Isn't it rather that there's lots which has meaning for you (like discovering new things) but that, what you value is just not what most people value? Also, it would probably be a little off putting for people if you carry your "nihilism" as a banner while, in reality, you're more then capable of actually giving a f#ck.
  • Looking for a cure to nihilism
    @ daldai

    Isn't the observation that an overly rational outlook makes you act in a way which tries to negate that very observation an indication of inherent meaning? You yourself conclude your life is meaningless and, like many nihilists, this creates a sense of despair which makes you seek change.

    If you hold scientific realism to be true, you are bound to be aware that what makes us act isn't something independent of the rest of the universe. You purport to have difficulty in engaging in a meaningful relationship so this is not something which is working out for your Darwinian "fitness". We're also social animals and it is my view that we need a degree of (meaningful) social interaction.

    To me it's a form of mind / body dualism to value rational thought over "mere" biological functioning to such a degree that the schism we hereby create turns into a form of dissonance. The power of rational thought lies in being capable to form an abstract representation of our environment and the empirical method gives us a means to correlate this symbolic interpretation with our physical environment, giving us much control over said environment. Yet somehow, thinking that life has no meaning, that we're merely here to procreate, that the rational is all there is, that we're deterministic automata, etc. doesn't suffice to convince ourselves we have ourselves figured out to the same degree as we claim to have figured out our environment. Unlike other animals, humans don't seem to evoke a sense of contentedness very easily if the basic requirements for survival are fulfilled and it's this trait which evokes a lot of specific human behaviour (among them suffering from existential crises).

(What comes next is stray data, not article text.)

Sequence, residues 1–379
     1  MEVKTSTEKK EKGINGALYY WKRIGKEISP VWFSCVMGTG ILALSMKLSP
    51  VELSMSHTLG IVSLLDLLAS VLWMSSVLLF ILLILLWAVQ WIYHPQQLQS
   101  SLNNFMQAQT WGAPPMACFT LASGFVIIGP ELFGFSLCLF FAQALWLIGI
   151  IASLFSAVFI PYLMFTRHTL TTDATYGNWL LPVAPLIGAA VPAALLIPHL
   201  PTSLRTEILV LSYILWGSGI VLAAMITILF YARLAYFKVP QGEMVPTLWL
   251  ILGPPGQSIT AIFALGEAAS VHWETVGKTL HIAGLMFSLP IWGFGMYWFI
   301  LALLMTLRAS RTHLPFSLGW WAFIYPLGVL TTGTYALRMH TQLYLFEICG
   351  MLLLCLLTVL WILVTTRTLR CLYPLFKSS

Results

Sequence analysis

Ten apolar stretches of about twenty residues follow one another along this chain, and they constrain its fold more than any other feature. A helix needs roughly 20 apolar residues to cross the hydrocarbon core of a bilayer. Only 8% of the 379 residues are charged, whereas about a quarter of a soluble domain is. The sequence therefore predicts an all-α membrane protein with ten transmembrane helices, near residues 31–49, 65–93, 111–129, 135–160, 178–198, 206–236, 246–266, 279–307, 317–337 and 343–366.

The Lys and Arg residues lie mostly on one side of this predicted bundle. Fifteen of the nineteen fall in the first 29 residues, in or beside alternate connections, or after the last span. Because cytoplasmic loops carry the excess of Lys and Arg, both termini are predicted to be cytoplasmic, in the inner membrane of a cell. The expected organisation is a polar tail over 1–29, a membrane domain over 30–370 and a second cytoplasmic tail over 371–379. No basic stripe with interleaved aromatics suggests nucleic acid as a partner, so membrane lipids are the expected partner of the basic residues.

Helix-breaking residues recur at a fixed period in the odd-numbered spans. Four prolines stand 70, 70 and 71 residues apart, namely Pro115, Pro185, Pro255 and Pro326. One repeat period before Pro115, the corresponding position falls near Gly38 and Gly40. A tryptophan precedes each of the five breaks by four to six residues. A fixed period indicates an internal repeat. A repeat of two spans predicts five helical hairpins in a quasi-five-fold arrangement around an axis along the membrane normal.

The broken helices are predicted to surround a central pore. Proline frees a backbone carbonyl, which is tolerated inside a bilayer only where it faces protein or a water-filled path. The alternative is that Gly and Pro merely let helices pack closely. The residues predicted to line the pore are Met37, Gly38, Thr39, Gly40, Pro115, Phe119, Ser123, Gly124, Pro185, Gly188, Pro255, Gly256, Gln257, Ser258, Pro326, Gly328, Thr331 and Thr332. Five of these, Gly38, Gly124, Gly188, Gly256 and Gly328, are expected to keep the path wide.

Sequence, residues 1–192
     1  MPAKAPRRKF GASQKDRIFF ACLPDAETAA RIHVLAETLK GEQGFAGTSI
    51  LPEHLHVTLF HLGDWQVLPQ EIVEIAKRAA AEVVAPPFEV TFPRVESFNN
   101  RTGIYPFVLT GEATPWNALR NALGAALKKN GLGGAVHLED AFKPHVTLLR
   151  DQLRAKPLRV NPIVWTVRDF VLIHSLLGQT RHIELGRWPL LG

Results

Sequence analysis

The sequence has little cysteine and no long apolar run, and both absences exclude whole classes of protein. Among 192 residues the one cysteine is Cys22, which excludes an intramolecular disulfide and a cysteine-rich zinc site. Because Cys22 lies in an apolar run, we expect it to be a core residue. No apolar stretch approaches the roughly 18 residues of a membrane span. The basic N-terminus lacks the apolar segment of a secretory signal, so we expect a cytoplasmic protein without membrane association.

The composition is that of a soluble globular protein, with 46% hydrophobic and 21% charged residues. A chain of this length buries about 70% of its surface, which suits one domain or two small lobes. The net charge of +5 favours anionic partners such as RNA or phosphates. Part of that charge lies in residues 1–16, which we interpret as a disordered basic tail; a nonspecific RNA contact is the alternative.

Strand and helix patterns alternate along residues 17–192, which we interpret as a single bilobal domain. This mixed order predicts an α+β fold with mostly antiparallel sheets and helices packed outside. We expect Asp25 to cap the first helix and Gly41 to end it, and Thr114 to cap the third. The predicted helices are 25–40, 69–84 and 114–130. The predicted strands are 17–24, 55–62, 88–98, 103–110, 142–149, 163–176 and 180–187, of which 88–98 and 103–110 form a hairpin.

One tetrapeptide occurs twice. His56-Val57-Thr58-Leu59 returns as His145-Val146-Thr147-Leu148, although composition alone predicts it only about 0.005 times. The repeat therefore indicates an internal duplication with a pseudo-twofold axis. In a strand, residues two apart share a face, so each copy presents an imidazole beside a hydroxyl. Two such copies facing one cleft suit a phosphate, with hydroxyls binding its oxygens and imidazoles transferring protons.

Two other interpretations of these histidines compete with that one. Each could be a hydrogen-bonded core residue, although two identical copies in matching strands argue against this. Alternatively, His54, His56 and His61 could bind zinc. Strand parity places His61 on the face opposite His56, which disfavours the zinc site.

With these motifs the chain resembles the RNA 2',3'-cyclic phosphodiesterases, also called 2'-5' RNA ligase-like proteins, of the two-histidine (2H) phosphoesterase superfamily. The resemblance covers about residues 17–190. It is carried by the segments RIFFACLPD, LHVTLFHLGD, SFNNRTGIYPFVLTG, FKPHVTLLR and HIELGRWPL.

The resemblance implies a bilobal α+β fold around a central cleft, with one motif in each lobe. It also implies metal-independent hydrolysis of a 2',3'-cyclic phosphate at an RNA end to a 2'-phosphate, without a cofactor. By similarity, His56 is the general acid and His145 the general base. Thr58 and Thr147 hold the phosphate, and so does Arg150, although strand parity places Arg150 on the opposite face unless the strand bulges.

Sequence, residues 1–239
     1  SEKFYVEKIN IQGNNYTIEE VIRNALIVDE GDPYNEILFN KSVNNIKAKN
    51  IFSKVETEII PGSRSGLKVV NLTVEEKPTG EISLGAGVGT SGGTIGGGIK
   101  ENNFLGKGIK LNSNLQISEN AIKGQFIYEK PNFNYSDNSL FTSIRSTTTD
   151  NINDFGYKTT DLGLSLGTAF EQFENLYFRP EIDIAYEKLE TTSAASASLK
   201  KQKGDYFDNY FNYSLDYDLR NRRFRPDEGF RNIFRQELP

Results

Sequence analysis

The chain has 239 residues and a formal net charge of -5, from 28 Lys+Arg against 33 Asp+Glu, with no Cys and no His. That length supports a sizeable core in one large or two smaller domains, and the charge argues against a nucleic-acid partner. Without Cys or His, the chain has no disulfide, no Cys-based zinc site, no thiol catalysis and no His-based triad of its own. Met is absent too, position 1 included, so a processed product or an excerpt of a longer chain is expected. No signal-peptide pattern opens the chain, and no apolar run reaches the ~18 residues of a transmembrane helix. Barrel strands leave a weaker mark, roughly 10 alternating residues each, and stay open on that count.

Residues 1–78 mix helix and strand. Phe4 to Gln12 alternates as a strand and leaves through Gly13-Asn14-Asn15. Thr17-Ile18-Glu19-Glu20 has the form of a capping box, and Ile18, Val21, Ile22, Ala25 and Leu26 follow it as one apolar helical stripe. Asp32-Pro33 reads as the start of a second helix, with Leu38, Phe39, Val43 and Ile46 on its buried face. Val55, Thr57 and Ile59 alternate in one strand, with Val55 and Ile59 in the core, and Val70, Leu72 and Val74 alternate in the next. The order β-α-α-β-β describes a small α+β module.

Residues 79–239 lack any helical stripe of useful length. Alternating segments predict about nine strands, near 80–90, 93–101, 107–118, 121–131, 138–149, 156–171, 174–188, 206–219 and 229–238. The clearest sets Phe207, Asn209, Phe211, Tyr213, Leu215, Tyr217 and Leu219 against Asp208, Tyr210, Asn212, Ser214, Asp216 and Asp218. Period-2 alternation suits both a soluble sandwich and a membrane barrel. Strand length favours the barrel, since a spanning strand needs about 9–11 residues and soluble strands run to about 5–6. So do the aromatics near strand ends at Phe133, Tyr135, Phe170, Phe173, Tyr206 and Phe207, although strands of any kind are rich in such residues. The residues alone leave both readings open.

What good does it do if someone claims to have a superior handle on it's environment (objective truth) while that believe has detrimental repercussion for it's existence? As far as I know it's still an emotional value which makes us capable of selecting a preferred outcome when we're rationally computing our environment, if not we'd just be computing away. If you claim that we already have enough information to fully convince ourself we know how we work (where doing so is presuming on applicable knowledge we have yet to gain in the future) your abstract representation of the environment doesn't correlate with the actual physical environment.

    There's no such thing as reason / rationality which is wholly disconnected from the rest of the universe.
    The new atheists vehemently attack religion, those who propose that free will doesn't exist generally run in circles to make it appear there's an objective reason to keep some form of morality, a lot of science is undertaken for the betterment of mankind or out of sheer curiosity, etc. You yourself have gotten to the point where your rationality falls short and, out of emotional necessity, you have set yourself a meaningful goal to do something about that. You're now trying to have some meaningful social interaction yet you seem to fail to observe that you have already solved your conundrum partially because your view is clouded with an overly rational bias, a bias which appears to stem from a natural mechanism which is used to gain a better understanding / more control of our environment.